Citation Style Language (CSL) Editor: Making Citation Easier

It is a well-known fact in scholarly communication that there is a specific journal format for in-text citations and bibliography. Editing a citation style can be quite tedious and hence the development of citation tools is essential. The Citation Style Language (CSL) is an XML based language that simplifies citing references. The CSL Editor is an interface that allows you to find and modify citation styles that are appropriate for your document. You can find your desired citation style by searching for a journal’s name (that particular journal citation format will appear), searching by inputting an example of what the desired style looks like, or searching using the citation style name. If the style you need isn’t available, you can choose the one that’s closest to what you need and edit it. Once you have found your style or edited a style to match your needs, you can click “Install” in the case of a search result, or “Save” in the case of a style you’ve edited, to use it in your reference manager.

CSL is an open source piece of software, which means that the community can contribute new formats. As a result, more than 8,500 citation styles exist in the CSL Editor Tool. This tool for bibliographic styles has proved quite valuable with more than 4,500 unique visitors to the CSL Editor site every month. As a result of its usefulness and open source nature, the CSL has also been used in many popular reference managers such as Mendeley, ReadCube, Zotero, and Papers.

Using the CSL Editor Tool

As previously stated, the CSL Editor tool makes the formatting of citations and bibliographies significantly easier. From the CSL Editor page, searching by style name or finding the required journal citation format by searching for the journal name is fairly straightforward. In order to search by CSL citation styles, you need to edit a sample citation to fit the style that you would like to use. There are many different types of references, for example, how to cite a book with one author, how to cite a book with many authors, how to cite a journal article, how to cite a newspaper article, how to cite a report, or how to cite a book chapter to name a few. Currently, the CSL Editor allows you to search using one type at a time. If you highlight text in the inline citation or bibliography, you can format the text according to your desired style.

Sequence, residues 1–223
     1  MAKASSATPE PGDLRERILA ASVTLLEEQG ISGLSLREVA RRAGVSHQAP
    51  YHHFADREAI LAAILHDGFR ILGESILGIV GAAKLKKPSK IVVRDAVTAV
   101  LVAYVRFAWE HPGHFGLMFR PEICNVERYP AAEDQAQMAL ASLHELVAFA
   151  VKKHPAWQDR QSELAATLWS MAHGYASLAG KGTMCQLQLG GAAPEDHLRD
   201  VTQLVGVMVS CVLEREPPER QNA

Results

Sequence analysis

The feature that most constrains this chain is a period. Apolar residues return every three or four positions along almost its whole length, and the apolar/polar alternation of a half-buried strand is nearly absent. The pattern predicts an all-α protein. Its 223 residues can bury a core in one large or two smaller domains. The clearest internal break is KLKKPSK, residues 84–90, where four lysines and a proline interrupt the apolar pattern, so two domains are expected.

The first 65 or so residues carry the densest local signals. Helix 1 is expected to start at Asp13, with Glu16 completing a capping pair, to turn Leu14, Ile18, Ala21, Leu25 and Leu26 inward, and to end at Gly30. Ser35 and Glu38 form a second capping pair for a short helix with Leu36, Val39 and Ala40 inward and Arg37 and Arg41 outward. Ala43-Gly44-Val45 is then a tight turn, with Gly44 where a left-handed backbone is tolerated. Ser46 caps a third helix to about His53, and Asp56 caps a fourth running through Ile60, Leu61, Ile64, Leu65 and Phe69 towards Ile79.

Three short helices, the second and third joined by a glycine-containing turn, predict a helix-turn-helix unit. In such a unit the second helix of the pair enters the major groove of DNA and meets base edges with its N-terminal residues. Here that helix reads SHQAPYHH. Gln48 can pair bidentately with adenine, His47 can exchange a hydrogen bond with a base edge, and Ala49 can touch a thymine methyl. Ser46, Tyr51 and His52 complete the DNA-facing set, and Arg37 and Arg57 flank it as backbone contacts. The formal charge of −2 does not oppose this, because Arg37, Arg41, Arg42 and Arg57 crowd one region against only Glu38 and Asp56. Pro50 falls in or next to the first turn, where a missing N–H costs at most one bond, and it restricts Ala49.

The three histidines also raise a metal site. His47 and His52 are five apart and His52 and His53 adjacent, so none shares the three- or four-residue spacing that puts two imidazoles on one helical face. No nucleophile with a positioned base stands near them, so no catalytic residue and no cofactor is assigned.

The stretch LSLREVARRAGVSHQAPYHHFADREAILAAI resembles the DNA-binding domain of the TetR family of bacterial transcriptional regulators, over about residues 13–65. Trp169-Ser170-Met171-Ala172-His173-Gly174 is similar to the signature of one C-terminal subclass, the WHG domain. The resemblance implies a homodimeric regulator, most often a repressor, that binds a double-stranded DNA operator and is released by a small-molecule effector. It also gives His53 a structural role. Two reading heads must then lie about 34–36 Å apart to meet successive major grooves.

Once you have completed the formatting and started the search, the search results are listed in order of how closely they match your desired citation style. At this point, you can choose to install a citation style, edit it in the Visual Editor, or simply view information about it and its underlying code. Using the CSL Visual Editor is relatively simple. Once you have identified a style that you would like to change, you can click on “Edit”. You can click on an item that you wish to edit, which will change its color and will show the properties of the item in the bottom window of this bibliographic style editor. You can then make the changes in this bottom window. Any changes you make will be immediately reflected in the sample citation.

Clicking on the “Example Citations” menu will reveal additional types of citations that you can alter as needed. The CSL Visual Editor even lets you change the author names in the bibliography to small caps. Various options are available to edit the names in the desired format—bold, italics, underline, subscript, superscript, and small caps. Clicking on “Small Caps” will change the formatting of the author names to that option. More advanced users may also choose to directly edit the XML code.

Editor for Bibliographic Styles

CSL has many uses in scholarly communication, particularly with reference to formatting bibliographies and citations. The CSL Editor makes it incredibly easy to find a citation style or create the one you need by editing an existing citation style. Once you have used the CSL Editor tool to identify or edit your citation style of choice, it can be installed or saved to your reference manager for ease of use. The CSL Editor can simplify the way you comply with journal citation formats—try it!

Rate this article


Your email address will not be published.

You might also like

Sign-up to read more

Subscribe for free to get unrestricted access to all our resources on research writing and academic publishing including:

  • 2000+ blog articles
  • 50+ Webinars
  • 10+ Expert podcasts
  • 50+ Infographics
  • Q&A Forum
  • 10+ eBooks
  • 10+ Checklists
  • Research Guides
Researchers Poll

What is your preferred medium to share your views and opinions?